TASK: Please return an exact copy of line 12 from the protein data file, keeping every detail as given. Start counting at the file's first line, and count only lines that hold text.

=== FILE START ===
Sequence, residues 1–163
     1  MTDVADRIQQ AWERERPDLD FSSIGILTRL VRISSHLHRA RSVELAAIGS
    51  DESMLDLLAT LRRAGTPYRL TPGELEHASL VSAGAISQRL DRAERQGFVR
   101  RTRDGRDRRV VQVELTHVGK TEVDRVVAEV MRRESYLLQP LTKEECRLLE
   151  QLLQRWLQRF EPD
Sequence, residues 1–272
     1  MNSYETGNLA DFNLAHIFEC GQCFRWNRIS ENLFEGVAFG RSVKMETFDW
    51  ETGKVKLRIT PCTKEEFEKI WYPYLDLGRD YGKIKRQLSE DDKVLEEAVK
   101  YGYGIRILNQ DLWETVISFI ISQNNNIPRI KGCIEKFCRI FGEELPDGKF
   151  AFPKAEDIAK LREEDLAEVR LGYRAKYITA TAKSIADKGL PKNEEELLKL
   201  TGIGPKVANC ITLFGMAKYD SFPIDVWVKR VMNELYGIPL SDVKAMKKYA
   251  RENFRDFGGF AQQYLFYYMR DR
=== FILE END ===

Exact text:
   251  RENFRDFGGF AQQYLFYYMR DR